To Have Hope

Temperature predictions from some climate mode...
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Climate change is happening. We can attempt to deny it. We can go along with the conflict among politicians and in the newspapers. We can close our eyes to it. We can say “weather is weather” when we look at a balmy January day when it should be 20 below. Climate change — global warming — is happening. No matter what we say to console ourselves doesn’t change the trend that 98% of the scientific community accepts as fact. Our world is warming and places are already being affected. Recently, the Oregonian published a map put out by the USDA. The USDA is redrawing their garden zoning maps to more accurately reflect current temperatures. The caption lightly explains warming, but also attributes the change to better mapping software! So, I put a flippant comment on my Facebook page that got its own attention from my friends. One didn’t realize I was being sarcastic. Another responded with his own, appropriately, flippant remark. Finally, a family member expressed her own frustration with how we glaze over this very serious problem. As a follow-up, I posted a link to a three-year old Scientific American article that showcased ten places that in 2008 that were clearly affected by climate change. Some of the listed places include:

Darfur

Until the rains failed in Darfur, the region’s pastoralists lived amicably with the settled farmers. The nomadic herders grazed their camels on the rocky hillsides between the fertile plots and fed their animals on the leavings from the harvest….[More]

The Gulf Coast

Climate scientists may still be debating to what extent climate change is going to translate into stronger and more frequent hurricanes, but insurance companies aren’t waiting for the final answer….[More]

Northern Europe

The warming of the globe has so far generally been good for the world’s wine. It has allowed the fruit to come off the vine richer and riper. A study led by Gregory Jones, a climatologist at Southern Oregon University in Ashland, Ore., and the son of a winegrower, tracked the impact of rising temperatures between 1950 and 1999, using as a measure of quality the values by the auction house Sotheby’s, which rates wines on a 100-point scale….[More]

Great Barrier Reef

Not all the carbon dioxide we emit contributes to atmospheric warming. More than a third of what we have produced since the industrial revolution has been absorbed by the oceans, where it reacts with seawater to form carbonic acid….[More]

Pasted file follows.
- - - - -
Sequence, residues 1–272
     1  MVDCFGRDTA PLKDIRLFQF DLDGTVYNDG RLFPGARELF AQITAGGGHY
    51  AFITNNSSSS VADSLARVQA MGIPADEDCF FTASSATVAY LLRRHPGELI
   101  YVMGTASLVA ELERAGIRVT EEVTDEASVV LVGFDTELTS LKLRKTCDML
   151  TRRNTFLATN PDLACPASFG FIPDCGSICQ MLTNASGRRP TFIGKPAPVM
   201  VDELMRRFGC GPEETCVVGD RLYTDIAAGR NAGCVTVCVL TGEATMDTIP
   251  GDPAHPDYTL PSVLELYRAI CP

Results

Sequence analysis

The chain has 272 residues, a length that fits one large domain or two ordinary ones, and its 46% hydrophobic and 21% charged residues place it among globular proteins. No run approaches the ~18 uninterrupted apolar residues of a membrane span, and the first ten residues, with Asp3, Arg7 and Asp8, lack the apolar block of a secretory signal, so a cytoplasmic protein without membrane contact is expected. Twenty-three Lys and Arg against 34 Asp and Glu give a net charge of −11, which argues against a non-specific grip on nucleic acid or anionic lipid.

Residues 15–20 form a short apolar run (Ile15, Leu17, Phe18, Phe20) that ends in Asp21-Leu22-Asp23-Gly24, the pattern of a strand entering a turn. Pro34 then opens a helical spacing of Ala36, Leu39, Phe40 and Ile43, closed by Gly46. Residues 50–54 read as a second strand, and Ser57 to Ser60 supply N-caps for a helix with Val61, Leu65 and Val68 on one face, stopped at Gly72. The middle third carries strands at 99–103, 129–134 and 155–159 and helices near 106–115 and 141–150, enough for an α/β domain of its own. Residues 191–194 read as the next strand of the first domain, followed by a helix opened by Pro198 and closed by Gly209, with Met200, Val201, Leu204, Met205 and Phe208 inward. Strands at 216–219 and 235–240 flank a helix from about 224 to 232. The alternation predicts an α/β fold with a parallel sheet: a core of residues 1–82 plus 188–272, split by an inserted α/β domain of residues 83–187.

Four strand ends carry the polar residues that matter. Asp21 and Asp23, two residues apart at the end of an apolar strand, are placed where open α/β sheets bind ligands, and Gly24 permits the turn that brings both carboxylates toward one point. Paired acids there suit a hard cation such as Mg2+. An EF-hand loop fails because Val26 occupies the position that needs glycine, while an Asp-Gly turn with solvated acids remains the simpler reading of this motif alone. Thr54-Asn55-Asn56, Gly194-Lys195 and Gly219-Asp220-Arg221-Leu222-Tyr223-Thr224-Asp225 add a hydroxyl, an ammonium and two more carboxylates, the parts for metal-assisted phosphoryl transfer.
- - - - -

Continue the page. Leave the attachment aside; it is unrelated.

In recent years, no less than four Alaskan communities have been forced to relocate (Shishmaref, Kivalina, Shaktoolik and Newtok) due to climate change. Waters are rising. Temperatures are rising. Plants and animals are migrating, and now people are migrating too. These communities are the canaries in the coal mine. They are the ones screaming to the rest of the world, “LISTEN! Climate change is happening! It’s happening to us! Now!”

But now we’re not listening. Collectively. We are stuck in group think, not embracing our group wisdom. Collectively, what can we do? That was the question that was posed to me. So, here’s a short list.

  1. Don’t lose hope. But realize that people will only change when they want to. So, while not losing hope, stay the steady course.
  2. Lead by example. Reduce, reuse, and recycle. Then do it all over again, and better.
  3. Be mindful of your own consumption and aware of how this culture of things is perpetuating the problem.
  4. Realize hope in that 60% or so of Americans do recognize that there is a problem, so while the media isn’t up on what Americans really are thinking, there is a paradigm shift around us.
  5. Educate yourself, and then, educate others. Do it with compassion, and when they stop listening do it with your actions. Show people how the local organic food you create with is better than the tasteless, flavorless, nutritionless food found in the average grocer.

To have hope can be hard, but I think it’s imperative we stay the steady course. We can find solace in the Romanesque period in history where buildings became strong again when the world didn’t end in 1000 AD. We can find solace in realizing we have found lost technologies, like concrete, to make our world more solid. We can find solace in remembering that no matter how stubborn, we are one of the most adaptable creatures, and adapt we will. We can find solace in our relationships that we forge, foster, and create. Because, then, we know that we will have a network to turn to who supports our ideals of local, homegrown, homefunded communities.

To have hope, in my mind, is the only way to live. And, to have hope, is the only bottom line that will drive us when madness surrounds.

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